Hits a lot of the familiar road trip story beats but the Americana x magical fantasy setting is a unique one (gorgeously animated) and provides a good share of memorable moments (most notably Guinevere’s heroism that had me in tears). The real gem of the film though is the last act featuring good ol’ (dragon-conquering) Mom and a completely unexpected, incredible, beautiful, heart-wrenching emotional climax (not the sweet but on-the-nose journal writing flashbacks but the silent view from afar).
A new theme park, built on the original site of Jurassic Park, creates a genetically modified hybrid dinosaur, which escapes containment and goes on a killing spree. (IMDb)
I’m sure the anti-“bigger and better” thematic thread was more hypocritical than cleverly self-referential, but I appreciated it all the same (Owen has a great-and surprisingly lengthy-early back-and-forth with Hoskins: “Progress always wins” “Maybe progress should lose for once”), and so help me, despite some plot contrivances, I loved the bigger, darker dino-action (see the bird snatch) and the badass final bite. It’s decently funny too (see Lowery and his failed aftermath-kiss attempt).
When the island’s dormant volcano begins roaring to life, Owen and Claire mount a campaign to rescue the remaining dinosaurs from this extinction-level event. (IMDb)
The first half contains some really great sequences; the volcano adds an exciting natural-disaster element to the dino action (see the unique sound editing of the underwater drama) and the snarky Zia and fearful Franklin are welcome additions to the cast of characters. It really starts to tire in the predictable second half though, when we’re mostly left with the two bland leads, a cliche villain, and an unexceptional big bad dino. The underlying dino-rights thread never really works either.
Thanos’ villain still felt a little familiar with his twisted “for the greater good” motive, but he remained an intimidating presence-a good match for the huge cast of heroes which is balanced remarkably well throughout and contributes to plenty of amazing moments both of comedy (see Thor meeting the Guardians) and action (see the Titan attack; Thor’s arrival in Wakanda). With all the superpowers going around some snags in the plot arise but its massive stakes and solid execution overwhelm them.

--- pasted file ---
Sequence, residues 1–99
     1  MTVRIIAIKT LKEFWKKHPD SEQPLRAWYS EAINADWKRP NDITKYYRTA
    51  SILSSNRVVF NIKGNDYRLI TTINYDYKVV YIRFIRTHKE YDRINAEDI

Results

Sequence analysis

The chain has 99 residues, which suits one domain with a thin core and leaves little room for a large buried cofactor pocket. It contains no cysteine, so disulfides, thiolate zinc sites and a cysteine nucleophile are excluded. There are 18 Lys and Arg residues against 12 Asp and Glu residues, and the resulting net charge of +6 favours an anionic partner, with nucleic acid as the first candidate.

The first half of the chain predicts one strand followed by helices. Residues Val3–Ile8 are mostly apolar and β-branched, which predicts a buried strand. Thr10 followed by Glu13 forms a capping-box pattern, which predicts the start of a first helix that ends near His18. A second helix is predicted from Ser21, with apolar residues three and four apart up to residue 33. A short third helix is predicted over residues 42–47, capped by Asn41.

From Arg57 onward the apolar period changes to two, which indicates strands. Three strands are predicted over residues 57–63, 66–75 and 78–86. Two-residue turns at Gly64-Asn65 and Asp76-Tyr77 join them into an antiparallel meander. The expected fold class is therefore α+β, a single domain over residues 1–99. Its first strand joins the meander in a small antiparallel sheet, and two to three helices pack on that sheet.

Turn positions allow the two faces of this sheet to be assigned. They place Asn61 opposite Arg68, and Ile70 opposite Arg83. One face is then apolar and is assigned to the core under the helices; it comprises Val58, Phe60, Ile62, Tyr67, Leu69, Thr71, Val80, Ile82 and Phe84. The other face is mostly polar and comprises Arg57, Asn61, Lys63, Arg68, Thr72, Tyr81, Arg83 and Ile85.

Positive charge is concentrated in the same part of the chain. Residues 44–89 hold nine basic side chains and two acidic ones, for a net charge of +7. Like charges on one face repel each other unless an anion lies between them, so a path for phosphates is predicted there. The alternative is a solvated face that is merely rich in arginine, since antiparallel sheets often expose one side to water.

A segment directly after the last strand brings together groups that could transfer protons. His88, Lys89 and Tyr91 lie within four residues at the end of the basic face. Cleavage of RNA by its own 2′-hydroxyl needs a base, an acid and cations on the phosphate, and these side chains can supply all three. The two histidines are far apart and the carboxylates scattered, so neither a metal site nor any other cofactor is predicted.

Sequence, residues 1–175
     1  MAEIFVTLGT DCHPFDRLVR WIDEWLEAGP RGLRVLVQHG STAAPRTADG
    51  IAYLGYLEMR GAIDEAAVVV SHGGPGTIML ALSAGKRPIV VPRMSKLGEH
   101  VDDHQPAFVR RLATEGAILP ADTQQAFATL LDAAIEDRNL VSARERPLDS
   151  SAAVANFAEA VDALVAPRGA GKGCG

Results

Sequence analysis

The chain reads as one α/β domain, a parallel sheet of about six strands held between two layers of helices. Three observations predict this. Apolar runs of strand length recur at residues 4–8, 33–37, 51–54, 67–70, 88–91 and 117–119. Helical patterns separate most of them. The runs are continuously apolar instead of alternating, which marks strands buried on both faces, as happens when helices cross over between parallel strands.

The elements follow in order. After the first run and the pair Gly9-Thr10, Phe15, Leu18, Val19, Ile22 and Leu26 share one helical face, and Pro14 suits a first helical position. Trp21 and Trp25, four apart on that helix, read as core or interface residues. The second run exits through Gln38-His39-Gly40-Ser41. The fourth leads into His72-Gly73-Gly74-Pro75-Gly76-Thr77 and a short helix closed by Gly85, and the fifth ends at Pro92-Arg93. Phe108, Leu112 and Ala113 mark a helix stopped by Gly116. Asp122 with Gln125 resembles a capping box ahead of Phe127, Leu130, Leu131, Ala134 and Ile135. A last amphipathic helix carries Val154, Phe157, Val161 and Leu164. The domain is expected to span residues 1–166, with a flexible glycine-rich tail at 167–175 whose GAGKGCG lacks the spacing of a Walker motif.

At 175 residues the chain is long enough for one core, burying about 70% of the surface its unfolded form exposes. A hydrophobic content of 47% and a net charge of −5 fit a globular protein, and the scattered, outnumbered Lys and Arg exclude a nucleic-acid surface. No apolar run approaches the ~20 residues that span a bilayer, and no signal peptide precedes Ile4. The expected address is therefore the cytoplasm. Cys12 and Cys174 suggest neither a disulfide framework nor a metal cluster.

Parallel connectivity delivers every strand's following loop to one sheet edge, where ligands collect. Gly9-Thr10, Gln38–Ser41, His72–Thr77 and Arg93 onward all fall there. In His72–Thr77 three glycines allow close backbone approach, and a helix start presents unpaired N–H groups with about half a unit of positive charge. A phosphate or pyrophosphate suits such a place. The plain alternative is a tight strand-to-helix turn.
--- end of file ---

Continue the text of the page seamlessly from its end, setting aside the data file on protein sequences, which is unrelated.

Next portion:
Set to the backdrop of Awesome Mixtape #2, ‘Guardians of the Galaxy Vol. 2’ continues the team’s adventures as they unravel the mystery of Peter Quill’s true parentage. (IMDb)
A patient, layered narrative does a remarkable job at developing our beloved characters (though some arcs are better than others: Rocket, Yondu, and the touching epilogue > the crazy sisters). Add in shiploads of comedy (not all of it lands, but Drax is always a delight) and this sequel’s almost more like a quirky dramedy set in a colourful 80s-tinged space setting than a superhero flick at times (standard “blow it up” climax aside), which is refreshing–as is the more subtly sinister villain.
An ordinary Lego construction worker, thought to be the prophesied ‘Special’, is recruited to join a quest to stop an evil tyrant from gluing the Lego universe into eternal stasis. (IMDb)
A quick-witted script loaded with hilarious dialogue and one-liners is executed perfectly by a stacked and perfectly cast voice line-up playing a diverse set of wacky characters. Self-aware Lego-humour and wild animated action round out this awesome aesthetic for a story that’s simple but strong in its message about creativity, social conformity, and self-worth, particularly in its unique and startlingly beautiful conclusion that shifts the movie from good fun to a great film.
A group of intergalactic criminals are forced to work together to stop a fanatical warrior from taking control of the universe. (IMDb)
A fun and eclectic superhero movie that doesn’t take itself too seriously. Humour pops up in the most dramatic of moments, and an awesome retro soundtrack delights as it contrasts with the slick futuristic galactic setting. The five distinct guardians form a gang of outcasts that are easy to root for in what is admittedly a typical and lackluster “stop the bad guy, save the world” type adventure story. Standard plot-line aside, this is an entertaining flick with even an emotional moment or two.